I remember driving to a college interview with a copy of The Dispossessed on the passenger seat beside me, in case I arrived too early. My first computer password, at the beginning of college, was an anagram of her name. I remember reading The Dispossessed again when I moved to California, to console myself to the strangeness of the new planet where I found myself. And The Dispossessed is on my bedside table again, tonight.
For the last two falls I have been teaching my graduate students The Left Hand of Darkness. Last fall, I realized their edition had a typo, a crucial, meaning-changing typo, on the novel's last page. I went through my house looking for other editions to compare. It turns out I had five.
I have blogged in the past about the debts I owe to Le Guin as a writer, and those debts have only matured as I have:
I no longer know how many times I have read The Language of the Night. [I]t was my first example of how to write an essay about a piece of fiction. More importantly, it was my first model of an essayist's prose, and I could not have had a better. Le Guin's prose, lucid and evocative, as clear and as complex as running water, still gives me my sense of what a paragraph or a sentence ought to be.
I was all too slow to be aware of it, but this is the truth: I am trying to write like Ursula K. Le Guin. I am always trying to write like Ursula K. Le Guin. This is no less so because I do it without thinking of it; it is only more so. .... She is the essayist I wanted to be when I grew up, and she is the stylist whom I, having grown up, would like to be. ... In the middle of my life, better late than never, I am obliged and honored to acknowledge her as my master.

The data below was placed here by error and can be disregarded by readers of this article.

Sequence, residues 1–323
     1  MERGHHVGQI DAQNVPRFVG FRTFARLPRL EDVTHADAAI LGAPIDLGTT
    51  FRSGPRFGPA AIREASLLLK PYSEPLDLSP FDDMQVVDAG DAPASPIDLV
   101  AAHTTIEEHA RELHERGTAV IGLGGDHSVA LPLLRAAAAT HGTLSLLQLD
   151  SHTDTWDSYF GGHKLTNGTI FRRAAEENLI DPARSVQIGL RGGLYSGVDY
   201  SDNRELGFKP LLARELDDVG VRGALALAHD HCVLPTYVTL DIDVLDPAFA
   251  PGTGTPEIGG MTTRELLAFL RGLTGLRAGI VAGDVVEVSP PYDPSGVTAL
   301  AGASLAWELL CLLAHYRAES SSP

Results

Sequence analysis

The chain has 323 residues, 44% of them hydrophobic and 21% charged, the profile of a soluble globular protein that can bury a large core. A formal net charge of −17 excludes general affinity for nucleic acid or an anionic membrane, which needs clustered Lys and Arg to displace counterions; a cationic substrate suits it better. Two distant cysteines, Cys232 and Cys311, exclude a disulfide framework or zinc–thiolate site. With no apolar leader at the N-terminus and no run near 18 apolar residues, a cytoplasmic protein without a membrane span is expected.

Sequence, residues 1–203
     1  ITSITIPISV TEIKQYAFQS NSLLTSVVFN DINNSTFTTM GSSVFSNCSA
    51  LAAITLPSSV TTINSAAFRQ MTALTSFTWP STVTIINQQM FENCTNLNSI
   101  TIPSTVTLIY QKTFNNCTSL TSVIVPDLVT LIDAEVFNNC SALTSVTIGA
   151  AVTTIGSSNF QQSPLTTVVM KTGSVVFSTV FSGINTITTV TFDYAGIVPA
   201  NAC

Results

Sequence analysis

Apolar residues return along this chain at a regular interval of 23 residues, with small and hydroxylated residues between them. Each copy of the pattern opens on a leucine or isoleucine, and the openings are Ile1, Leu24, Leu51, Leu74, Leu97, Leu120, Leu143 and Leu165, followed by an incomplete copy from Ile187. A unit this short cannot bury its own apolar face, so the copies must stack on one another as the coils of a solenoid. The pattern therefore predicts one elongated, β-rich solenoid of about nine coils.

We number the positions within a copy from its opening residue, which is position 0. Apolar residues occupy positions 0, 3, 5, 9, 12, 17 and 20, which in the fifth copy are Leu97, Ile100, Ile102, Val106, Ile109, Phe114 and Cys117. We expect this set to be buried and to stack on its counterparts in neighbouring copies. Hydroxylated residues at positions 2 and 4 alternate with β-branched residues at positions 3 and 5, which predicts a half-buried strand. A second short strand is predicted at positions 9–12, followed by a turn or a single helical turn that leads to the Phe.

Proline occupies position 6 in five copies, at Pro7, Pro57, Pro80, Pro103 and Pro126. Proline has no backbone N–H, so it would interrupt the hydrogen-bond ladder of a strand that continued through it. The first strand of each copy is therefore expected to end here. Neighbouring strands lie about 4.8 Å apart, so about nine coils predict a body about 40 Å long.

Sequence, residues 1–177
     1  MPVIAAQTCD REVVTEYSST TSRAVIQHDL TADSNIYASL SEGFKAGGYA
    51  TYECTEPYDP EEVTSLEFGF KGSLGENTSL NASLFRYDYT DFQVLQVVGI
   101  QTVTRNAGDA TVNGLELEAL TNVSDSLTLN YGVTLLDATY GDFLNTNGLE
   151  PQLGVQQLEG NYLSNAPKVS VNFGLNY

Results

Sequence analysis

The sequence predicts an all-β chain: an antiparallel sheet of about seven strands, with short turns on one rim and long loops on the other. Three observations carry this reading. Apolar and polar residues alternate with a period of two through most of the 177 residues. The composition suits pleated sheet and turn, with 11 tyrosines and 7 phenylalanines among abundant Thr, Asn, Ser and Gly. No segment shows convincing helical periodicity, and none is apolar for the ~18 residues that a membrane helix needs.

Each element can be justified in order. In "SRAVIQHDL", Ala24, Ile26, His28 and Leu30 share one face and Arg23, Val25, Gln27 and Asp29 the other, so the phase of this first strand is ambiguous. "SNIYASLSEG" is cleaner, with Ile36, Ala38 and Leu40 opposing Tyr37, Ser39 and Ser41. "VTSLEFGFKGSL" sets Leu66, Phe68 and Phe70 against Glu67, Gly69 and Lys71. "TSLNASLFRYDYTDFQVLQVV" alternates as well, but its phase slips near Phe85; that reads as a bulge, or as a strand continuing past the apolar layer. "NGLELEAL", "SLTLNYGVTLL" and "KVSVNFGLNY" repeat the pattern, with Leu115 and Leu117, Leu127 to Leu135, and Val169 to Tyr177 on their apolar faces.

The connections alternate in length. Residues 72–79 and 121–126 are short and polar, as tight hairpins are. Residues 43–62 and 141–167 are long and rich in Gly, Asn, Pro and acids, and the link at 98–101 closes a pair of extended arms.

She was a late bloomer, who published her first novel the year she turned 37, and her first undeniable masterpiece, The Left Hand, the year she turned forty. That has always been a lesson to me.
She was an American Taoist, a real one, in a country where many who profess Taoism are deceiving themselves. She had no space for self-deception; the Tao, after all, is about dispensing with illusions. Her perspective was unblinking and undeceived, looking straight at truths most shy from. Many would call such a perspective cold but, precisely because she was so free of illusions, her viewpoint was astonishing warm. She wrote fantasy, but never trafficked in or tolerated the everyday lies and fantasies that our society breathes. Her novels took you to another planet, where you found yourself facing the truths of human nature that you shied away from every day.
She was fearless. She could not be intimidated. And her craft was profound.
I am thinking of her husband tonight, Charles, to whom she was married for decades, and who clearly served as helpmeet to her in a way that men of his generation expected of their wives and not themselves. Le Guin wrote, again and again, of deep monogamous bonds, the pairing for life, in a way that has to be, in part, a profound tribute to her own partner.
I would take, gladly, another year or two or five of her words, of whatever she was able and willing to share. But she had already written her last novel, and knew it. When she no longer had the physical stamina to write a novel, she faced that truth. Her accomplishment is complete tonight. She has already achieved more than anyone could ask.
Ursula Le Guin did not believe in heaven. She found the idea of an afterlife suspect. So all that remains of her tonight are her words. They will always be there if you want them. Let me say what a comfort they can be.
cross-posted from Dagblog, where all comments are welcome